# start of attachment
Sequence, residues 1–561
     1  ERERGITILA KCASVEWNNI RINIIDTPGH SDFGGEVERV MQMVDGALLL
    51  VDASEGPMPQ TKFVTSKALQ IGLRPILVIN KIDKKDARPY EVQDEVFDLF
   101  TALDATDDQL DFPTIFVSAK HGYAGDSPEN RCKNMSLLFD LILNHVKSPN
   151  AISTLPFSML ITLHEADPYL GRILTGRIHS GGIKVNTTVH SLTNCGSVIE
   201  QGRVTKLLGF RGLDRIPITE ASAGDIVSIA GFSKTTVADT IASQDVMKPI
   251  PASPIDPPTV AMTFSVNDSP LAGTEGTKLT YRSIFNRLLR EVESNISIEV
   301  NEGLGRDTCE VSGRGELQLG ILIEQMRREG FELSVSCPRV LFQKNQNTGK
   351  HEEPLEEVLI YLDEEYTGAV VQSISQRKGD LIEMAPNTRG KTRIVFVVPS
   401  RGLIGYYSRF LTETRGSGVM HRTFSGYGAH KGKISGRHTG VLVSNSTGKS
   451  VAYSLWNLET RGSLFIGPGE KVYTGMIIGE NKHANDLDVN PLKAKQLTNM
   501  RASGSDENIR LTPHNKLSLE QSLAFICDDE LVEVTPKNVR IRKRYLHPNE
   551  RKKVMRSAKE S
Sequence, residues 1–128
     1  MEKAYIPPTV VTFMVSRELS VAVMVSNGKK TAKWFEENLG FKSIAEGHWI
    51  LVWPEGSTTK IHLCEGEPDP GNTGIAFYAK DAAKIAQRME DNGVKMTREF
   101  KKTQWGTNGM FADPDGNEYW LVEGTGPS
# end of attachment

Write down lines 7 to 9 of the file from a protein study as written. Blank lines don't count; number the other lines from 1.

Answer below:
   251  PASPIDPPTV AMTFSVNDSP LAGTEGTKLT YRSIFNRLLR EVESNISIEV
   301  NEGLGRDTCE VSGRGELQLG ILIEQMRREG FELSVSCPRV LFQKNQNTGK
   351  HEEPLEEVLI YLDEEYTGAV VQSISQRKGD LIEMAPNTRG KTRIVFVVPS